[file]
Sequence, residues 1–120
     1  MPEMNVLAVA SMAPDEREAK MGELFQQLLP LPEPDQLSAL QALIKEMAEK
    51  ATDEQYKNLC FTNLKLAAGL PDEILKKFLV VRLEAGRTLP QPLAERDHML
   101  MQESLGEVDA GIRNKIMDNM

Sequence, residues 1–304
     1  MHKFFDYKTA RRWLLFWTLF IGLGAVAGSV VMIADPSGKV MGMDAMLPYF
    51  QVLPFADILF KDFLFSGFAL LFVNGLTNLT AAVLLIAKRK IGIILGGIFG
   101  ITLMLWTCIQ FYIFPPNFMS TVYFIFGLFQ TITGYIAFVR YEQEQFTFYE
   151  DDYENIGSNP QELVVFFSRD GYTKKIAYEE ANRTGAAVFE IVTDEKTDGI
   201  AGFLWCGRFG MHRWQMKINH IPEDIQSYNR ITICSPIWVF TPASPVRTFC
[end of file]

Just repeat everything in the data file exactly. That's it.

Sequence, residues 1–120
     1  MPEMNVLAVA SMAPDEREAK MGELFQQLLP LPEPDQLSAL QALIKEMAEK
    51  ATDEQYKNLC FTNLKLAAGL PDEILKKFLV VRLEAGRTLP QPLAERDHML
   101  MQESLGEVDA GIRNKIMDNM

Sequence, residues 1–304
     1  MHKFFDYKTA RRWLLFWTLF IGLGAVAGSV VMIADPSGKV MGMDAMLPYF
    51  QVLPFADILF KDFLFSGFAL LFVNGLTNLT AAVLLIAKRK IGIILGGIFG
   101  ITLMLWTCIQ FYIFPPNFMS TVYFIFGLFQ TITGYIAFVR YEQEQFTFYE
   151  DDYENIGSNP QELVVFFSRD GYTKKIAYEE ANRTGAAVFE IVTDEKTDGI
   201  AGFLWCGRFG MHRWQMKINH IPEDIQSYNR ITICSPIWVF TPASPVRTFC